However, there is another potential downside which has concerned me more since my long period of depressive illness (which happily seems at the least to be in remission, albeit medicated, since 2013), and that is that this is something which messes with your psychology, and any amateur messing with psychology is potentially dangerous. I’ve interpreted that depressive illness as at least partly my “dark night of the soul”, which several mystics have identified as a normal part of a mystic’s journey. However, it was also most definitely mental illness, and it nearly killed me, several times; I also spent some years (10 or so) frankly despairing of it ever being over, and I’m not sure there was ever any guarantee it would be.
That is not an experience I feel I can in conscience encourage others to go through. It also leads me to warn that going seriously down the contemplative mystical path can lead to mental illness and possibly death. Pete’s warning about psychosis only feeds a little into that – depression is quite bad enough!
It might have been easier to deal with, less dangerous and more certain of coming to an end had I identified it as a “dark night” and had I had a spiritual director (rather than or in addition to psychiatrists and psychologists) at the time; that is perhaps the only saving aspect – but from my own experience it is only a possibility.
So I have to say that the mystical path comes with a pretty severe health warning.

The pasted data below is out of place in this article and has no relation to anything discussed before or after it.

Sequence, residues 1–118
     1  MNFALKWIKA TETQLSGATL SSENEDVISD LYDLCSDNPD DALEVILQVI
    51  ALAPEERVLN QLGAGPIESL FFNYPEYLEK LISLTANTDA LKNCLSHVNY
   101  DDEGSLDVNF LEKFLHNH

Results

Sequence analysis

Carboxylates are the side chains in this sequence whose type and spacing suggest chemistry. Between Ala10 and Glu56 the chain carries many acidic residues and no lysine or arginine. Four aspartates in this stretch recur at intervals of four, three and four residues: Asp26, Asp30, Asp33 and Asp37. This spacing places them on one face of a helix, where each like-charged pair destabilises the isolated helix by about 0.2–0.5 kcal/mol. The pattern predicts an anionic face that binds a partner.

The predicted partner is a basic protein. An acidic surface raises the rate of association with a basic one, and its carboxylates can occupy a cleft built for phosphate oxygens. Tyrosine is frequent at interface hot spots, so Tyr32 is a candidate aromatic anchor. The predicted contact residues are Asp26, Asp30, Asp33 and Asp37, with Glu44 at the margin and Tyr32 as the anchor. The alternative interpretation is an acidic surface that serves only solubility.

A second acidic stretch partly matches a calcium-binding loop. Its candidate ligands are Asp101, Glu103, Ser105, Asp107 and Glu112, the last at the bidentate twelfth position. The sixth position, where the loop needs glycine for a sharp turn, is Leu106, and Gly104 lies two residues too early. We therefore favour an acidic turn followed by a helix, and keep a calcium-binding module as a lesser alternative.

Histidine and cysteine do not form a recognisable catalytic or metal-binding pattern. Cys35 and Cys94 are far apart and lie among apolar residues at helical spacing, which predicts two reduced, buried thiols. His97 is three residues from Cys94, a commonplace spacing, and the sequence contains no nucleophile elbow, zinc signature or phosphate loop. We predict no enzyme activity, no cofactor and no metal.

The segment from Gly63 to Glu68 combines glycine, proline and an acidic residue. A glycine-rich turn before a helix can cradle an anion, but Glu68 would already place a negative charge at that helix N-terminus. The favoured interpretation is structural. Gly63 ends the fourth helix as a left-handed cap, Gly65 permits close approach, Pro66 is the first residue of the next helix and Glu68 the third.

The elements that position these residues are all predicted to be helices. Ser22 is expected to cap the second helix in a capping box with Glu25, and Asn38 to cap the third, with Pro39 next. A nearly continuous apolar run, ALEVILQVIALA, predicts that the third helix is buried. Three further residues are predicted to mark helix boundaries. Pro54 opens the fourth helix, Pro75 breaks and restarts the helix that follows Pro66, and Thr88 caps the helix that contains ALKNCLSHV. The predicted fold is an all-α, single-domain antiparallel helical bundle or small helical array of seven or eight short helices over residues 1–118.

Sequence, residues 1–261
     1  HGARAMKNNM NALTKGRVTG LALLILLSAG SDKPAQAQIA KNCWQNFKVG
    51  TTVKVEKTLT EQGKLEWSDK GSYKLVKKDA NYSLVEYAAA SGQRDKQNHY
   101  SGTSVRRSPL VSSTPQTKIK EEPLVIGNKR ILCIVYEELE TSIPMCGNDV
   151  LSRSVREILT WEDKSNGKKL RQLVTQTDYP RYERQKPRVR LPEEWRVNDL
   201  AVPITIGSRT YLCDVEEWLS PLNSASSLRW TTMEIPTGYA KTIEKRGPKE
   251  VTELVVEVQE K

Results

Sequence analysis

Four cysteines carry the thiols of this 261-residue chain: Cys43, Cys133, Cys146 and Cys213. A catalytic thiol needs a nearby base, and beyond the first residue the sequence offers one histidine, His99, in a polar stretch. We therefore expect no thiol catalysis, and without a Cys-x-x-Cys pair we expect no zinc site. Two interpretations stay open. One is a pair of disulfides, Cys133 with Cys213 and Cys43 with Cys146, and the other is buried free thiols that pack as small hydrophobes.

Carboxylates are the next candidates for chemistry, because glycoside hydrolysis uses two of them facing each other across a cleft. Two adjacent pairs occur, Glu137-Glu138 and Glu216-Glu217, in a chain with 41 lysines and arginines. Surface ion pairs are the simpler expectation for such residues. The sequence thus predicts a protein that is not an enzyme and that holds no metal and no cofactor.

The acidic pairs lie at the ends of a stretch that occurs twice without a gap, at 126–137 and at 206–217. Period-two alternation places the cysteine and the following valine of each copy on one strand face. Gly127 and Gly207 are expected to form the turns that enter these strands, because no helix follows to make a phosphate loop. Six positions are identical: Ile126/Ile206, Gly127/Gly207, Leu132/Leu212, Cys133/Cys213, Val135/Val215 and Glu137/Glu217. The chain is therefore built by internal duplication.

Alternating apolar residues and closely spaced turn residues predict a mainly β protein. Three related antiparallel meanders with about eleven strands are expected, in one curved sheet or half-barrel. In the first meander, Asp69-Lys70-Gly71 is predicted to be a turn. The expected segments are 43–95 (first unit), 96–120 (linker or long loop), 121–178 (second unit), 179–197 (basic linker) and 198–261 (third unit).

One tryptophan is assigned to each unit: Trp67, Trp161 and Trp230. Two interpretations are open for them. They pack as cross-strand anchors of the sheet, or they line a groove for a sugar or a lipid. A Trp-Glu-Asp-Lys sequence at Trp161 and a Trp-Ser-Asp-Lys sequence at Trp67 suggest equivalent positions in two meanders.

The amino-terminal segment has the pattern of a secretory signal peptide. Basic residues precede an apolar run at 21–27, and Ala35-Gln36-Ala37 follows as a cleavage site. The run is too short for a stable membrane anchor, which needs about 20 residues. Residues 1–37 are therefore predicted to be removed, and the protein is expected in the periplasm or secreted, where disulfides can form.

However, so does any other technique which tends to produce radical psychological changes in people, including (unfortunately) the standard Evangelical “pray the sinners’ prayer and give your heart to Jesus” model, particularly if you also experience the “slain in the spirit” phenomenon. There are a lot of cases of people scarred by past experience of the Evangelical mould of conversion and its follow-on (which I tend to criticise all the more because, to my mind, it seriously fails to deal adequately with spiritual growth after the initial conversion). There are some theologies, as well, which are particularly conducive to producing or worsening anxiety disorders or which at the least exacerbate obsessive-compulsive tendencies.
Radical psychological change, it seems, comes with radical dangers.
I would mention that one result of the “beneficial” aspects of the unitive experience is that I find it difficult to engage with some of Pete’s work other than on a purely intellectual level, because he regards the existential lack as fundamental, and the fear of death as not much less so – and I don’t really feel those.